As soon as the girls left them, Lucky edged away from the oak as far as she could, but Jackson simply stood there. Something of a lazy animal, he wouldn’t move unless he absolutely had to. Suddenly, the old tree trembled, and the ground around its three-foot-wide trunk vibrated, as if an earthquake had struck the area. Jackson stumbled away from the oak and let out a frightened whinny in Lucky’s direction. The palomino had the expression in her eyes that was something akin to “I told you so” in human. The mule brayed at her again, but she merely turned her tail to him in reply.
Tegan and Toni stopped at the driveway when they heard Jackson whine the first time. They turned around to ascertain that all was right with Lucky and Jackson. Neither girl noticed the shaking oak, but Toni squinted and tilted her head to the right as if her ear ached.
“What was that?” she winced.
“What was what?” Tegan asked.
“What sound? I didn’t hear anything.”
“It was like one of those sounds from a hearing test. You know, the kind that feels like somebody is poking your eardrum with a sharp pencil or something.”
“I don’t hear those. My dad says it’s because I inherited the bad hearing he got from too many ear infections as a kid. Torry has the same problem as well. But not Mom. She can hear me whisper when I’m three rooms away from her. Come on, let’s go eat. It’s noon, and I’m starving from all that riding.”
Reluctantly, Toni followed Tegan toward the house again, but just for good measure, she looked back over her shoulder three times before they went inside. Nothing out of the ordinary in plain view, but even so, she sensed something was amiss.
Peter O’Malley skooched his chair closer to the dinner table. “What was Jackson bellowing about? I could hear him all the way up in my office.”
“Probably something in the woods,” said Tegan. “We tied him and Lucky up to the old fence posts near the giant oak on the far side of the old barnyard. I don’t think he’s used to seeing too many wild animals over at Aunt Kate’s. They probably don’t come too close to the electric fence Nathan has around their pasture.”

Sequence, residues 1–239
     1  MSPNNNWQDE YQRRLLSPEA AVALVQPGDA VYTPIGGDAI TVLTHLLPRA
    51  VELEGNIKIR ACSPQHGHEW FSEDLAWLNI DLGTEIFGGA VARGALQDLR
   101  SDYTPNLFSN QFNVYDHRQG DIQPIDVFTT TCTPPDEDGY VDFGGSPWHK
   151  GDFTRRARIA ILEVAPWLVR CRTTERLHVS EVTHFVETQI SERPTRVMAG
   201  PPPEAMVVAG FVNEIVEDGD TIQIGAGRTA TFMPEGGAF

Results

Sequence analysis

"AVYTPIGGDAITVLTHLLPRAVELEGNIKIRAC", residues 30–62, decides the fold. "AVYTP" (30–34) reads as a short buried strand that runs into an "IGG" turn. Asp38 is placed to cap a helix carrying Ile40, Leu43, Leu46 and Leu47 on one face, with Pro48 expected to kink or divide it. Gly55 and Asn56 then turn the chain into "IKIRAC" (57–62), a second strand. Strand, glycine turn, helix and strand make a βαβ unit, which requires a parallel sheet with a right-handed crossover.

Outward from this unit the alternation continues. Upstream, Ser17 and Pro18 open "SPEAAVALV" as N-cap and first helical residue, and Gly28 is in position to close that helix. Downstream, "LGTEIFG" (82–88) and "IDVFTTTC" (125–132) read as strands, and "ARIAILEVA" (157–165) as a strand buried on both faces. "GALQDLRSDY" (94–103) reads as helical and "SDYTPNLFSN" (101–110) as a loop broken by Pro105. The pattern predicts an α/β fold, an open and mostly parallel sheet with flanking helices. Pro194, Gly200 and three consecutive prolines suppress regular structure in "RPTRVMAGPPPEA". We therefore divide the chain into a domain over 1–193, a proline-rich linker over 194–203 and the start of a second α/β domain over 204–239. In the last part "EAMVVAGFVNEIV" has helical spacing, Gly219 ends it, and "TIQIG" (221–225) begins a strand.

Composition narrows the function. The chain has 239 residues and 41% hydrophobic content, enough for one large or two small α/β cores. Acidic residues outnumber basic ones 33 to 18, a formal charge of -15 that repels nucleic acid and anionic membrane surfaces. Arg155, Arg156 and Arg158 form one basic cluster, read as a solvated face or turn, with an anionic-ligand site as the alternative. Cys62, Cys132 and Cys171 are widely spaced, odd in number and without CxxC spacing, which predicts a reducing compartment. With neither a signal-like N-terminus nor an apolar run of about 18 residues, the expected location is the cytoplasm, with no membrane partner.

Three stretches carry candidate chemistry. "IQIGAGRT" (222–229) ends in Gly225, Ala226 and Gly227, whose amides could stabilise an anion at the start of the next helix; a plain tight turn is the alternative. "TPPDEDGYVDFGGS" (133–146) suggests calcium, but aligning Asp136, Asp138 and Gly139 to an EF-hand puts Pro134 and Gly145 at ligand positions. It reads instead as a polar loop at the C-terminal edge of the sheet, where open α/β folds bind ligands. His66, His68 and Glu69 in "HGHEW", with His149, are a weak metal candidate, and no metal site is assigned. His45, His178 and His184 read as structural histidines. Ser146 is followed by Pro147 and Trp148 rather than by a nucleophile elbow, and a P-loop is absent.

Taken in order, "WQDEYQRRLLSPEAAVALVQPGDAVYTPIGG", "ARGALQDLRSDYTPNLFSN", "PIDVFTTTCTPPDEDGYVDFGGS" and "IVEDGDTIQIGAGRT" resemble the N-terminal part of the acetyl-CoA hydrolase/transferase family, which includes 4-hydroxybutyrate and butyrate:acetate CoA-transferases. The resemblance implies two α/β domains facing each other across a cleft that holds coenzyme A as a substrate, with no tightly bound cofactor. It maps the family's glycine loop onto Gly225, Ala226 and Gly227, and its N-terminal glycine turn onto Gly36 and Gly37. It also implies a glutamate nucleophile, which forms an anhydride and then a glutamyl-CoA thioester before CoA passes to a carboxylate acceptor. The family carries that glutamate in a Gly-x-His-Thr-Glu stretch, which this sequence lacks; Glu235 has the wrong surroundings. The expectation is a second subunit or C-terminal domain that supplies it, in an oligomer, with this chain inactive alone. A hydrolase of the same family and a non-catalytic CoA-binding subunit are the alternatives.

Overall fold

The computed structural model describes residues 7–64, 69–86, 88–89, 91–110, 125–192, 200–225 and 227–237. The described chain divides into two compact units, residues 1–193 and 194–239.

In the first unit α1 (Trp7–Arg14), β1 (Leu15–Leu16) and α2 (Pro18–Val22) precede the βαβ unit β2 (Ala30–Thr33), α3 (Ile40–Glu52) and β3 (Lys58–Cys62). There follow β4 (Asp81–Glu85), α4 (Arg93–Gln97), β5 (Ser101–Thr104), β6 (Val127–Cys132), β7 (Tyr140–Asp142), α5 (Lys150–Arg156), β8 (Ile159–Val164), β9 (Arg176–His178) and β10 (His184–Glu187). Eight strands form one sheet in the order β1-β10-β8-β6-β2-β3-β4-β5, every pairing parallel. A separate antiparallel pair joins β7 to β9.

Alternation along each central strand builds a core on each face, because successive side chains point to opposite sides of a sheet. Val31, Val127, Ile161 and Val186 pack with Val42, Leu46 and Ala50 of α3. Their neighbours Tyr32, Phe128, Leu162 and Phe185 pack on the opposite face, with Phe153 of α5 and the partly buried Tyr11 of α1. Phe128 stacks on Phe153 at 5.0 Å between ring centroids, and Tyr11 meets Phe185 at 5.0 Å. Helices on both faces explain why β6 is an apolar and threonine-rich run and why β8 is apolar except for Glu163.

O’Malley glanced up at the kitchen clock on the wall, noting the time was three minutes after noon. He looked at his wife and saw she was glaring directly at him. Without her saying a word, he knew exactly what that expression meant.
“You’re probably right. He must have been spooked by a wild animal. You two most likely scared up a couple of deer down there, and they startled poor old Jackson when they ran off.”
“Did you enjoy your ride with Jackson, Toni?” asked Maggie.
“Yes, I did.”
“Jackson might not be much to look at,” said Peter, “but he’s well trained for riding. Tegan rode him at the county fair last year and won a couple of blue ribbons.”
“This year I’ll be riding Lucky at the fair. She’s almost ready for all the events now, but after I work with her some more, she’ll be all set to win it all this year. The biggest thing she needs to learn is jumping.”
“You can set up a course for her in the west pasture,” said Peter. “Plenty of room there, and it’s the only flat piece of ground on the whole place.”
“I’ve already got that planned out, Dad. Nathan is making me some stanchions. All I need is a couple of lightweight crossbars for her to jump over. Nathan suggested we get one-inch plastic pipe for that.”
“That’s a good idea,” said Peter. “At least I can contribute that much to your success.”
“Toni, now that you’re a member of 4-H have you thought about doing something at the fair this year?” asked Maggie.